By changing a single word from “support” to “success” – you can change the operational mindset of your company and how you interact with your customers. Rather than being a reactive mechanism that merely absorbs frustration, you can design a culture of proactive enablement predicated on creating ways for your customers to achieve success.
By empowering your team with the social media tools, engagement techniques, content production practices, and (critically) the permission to own, and provide, authentic experiences – you’ll turn customers into successful customers – which in turn creates more advocates for your brand.
The Social Media Manifesto for Customer Success is a framework of simple ideas designed to create your own success story from the collective wins of your customers – by leveraging the power, immediacy and transparency afforded by social media communication channels.
Each “rule” in the manifesto offers advice or techniques to transition from support to success…
- Customer success is a philosophical approach to consumer engagement with the sole intent of aiding your customers to achieve success with your product or service.
- Social media input channels can be used as listening posts for customer conversation to increase response times to both positive and negative discussions. This is especially critical when it comes to major issues. You should always be the first to know when something breaks.
- Important status updates can be facilitated through social media channels when your primary product or service channels fail (e.g. downtime). Twitter is becoming the De facto place that people turn to when your site is down. Make sure there’s a message there waiting for them.
- Encouraging all employees to create a Twitter presence extends your reach. It also gives you a wider spectrum of time coverage – different people/roles have different hours and different workaholic (always online) tendencies.
- Jeckyll & Hyde bipolar profiles: It’s okay to show your human side – as it pertains to your company brand. Have work and non work elements to your profile to set expectations.
In this example (from my profile) you can see how I split the two (work and UNwork):
- Company representatives should transparently identify themselves through the use of profile descriptors (this is a Twitter example):
- Avatars: Twitter avatars can include both a photo and a logo
- Handle: If you’re setting up a fresh account for company use you can include the brand name in your handle e.g. Unbounce_Oli. That way, when you enter a conversation you won’t appear out of place.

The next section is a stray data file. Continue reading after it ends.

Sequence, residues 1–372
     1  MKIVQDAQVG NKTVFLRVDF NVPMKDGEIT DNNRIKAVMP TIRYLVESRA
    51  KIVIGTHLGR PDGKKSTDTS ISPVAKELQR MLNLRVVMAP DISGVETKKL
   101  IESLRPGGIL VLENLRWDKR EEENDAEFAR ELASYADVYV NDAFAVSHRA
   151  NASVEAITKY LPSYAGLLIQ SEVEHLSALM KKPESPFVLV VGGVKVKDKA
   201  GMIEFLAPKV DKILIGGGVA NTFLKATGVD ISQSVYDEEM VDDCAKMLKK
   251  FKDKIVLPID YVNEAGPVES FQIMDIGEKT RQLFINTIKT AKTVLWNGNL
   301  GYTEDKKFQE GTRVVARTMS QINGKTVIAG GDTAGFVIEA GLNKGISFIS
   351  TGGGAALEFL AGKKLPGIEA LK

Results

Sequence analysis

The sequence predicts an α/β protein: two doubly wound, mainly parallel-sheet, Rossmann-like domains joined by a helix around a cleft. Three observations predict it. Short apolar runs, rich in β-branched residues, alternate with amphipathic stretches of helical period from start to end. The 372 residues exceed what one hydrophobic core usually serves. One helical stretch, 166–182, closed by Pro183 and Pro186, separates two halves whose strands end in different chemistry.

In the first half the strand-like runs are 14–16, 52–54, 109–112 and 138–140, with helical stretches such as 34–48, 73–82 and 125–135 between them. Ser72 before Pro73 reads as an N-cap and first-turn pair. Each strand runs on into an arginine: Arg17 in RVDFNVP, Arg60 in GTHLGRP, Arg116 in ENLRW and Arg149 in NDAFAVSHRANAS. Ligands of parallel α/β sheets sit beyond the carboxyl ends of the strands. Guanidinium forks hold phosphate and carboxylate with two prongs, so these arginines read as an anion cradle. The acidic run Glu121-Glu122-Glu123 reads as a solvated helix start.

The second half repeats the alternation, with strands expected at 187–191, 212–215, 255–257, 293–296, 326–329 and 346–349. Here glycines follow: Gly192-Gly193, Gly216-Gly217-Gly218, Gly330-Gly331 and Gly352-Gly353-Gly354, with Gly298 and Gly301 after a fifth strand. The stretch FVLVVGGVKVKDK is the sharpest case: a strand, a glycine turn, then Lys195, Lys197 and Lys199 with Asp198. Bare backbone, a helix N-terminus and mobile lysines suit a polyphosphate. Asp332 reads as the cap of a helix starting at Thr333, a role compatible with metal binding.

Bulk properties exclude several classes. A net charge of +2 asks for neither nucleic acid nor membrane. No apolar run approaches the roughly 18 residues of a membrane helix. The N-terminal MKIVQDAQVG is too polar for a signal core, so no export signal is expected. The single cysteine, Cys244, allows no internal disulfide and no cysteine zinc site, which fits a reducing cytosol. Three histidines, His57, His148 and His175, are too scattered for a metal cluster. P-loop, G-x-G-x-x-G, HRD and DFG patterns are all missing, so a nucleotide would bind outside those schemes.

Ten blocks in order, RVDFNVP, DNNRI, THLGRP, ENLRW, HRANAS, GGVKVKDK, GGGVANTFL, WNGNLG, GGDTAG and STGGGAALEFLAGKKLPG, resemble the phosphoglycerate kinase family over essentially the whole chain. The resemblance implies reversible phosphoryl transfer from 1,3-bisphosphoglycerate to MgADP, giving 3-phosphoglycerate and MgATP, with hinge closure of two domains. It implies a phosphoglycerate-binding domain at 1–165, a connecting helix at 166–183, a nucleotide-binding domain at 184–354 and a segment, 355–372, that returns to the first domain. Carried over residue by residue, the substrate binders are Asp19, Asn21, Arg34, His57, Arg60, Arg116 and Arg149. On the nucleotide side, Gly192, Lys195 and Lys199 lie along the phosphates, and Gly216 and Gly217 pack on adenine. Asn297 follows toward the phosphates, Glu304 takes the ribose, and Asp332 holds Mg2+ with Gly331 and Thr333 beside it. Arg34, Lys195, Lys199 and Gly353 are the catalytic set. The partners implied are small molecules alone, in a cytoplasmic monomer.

- URL: Twitter allows you to provide a URL in your profile. Add the company website here, or if you are using the bipolar approach at least include an @YourCompany reference in your Twitter description (it will be turned into a link to your main company Twitter account).
- Description: Set expectations for what you are going to be tweeting about and include a few keywords so you can be found via Twitter search.
- Branded background design: Design a unique background with a sidebar that provides simple bullet point details of why your company is special.
- Your ultimate conversion goal is a happy and successful customer: This means maintaining contact after initial signup. When you create useful content, share it on your network (GetSatisfaction and other forums, Facebook, Twitter). Each time a customer finds something useful that helps them, you’ve achieved a micro-retention-conversion.
- Expose your email freely: When engaging with customers on Twitter – don’t be afraid of sharing your email. It shows openness and transparency and lets you have a conversation that might otherwise be clumsy cramped into 140 characters.
- Set up your Twitter account to email you Direct Messages: Many people turn this off to avoid spam, then suffer from the inevitable month-late reply syndrome.
- Leave a breadcrumb trail to success: Public engagement creates content and can help more than one customer at a time.
- Create content at every point of customer pain: Over time you will spot patterns where people are hitting common roadblocks. Create and expose useful content that addresses these pain points and make it easy to find. This will result in a gradual decrease in support requests and higher levels of customer success.
- Turn on live chat: Use a tool like Olark on your website to provide an extra conversation mechanism (some people dislike email as they don’t know when they’ll get a reply, while others aren’t comfortable on the phone). A side benefit is the associated comfort just knowing that someone is there if needed. TIP: Put it inside your app (if you have an online produce or service) – so you can help people as they encounter usability problems. Most people only use it as a pre-conversion tool on their website.
- Collect praise and positive experiences to use as social proof and testimonials. This post about Twitter testimonials by Social Media Examiner is an excellent step-by-step guide.
- Celebrate and showcase your customer’s successes through your network (always with permission).
How many of these things are you currently using to help your customers achieve success?
Got any ideas I left out? Add them to the comments and if they’re good I’ll add them to the manifesto.
- Oli Gardner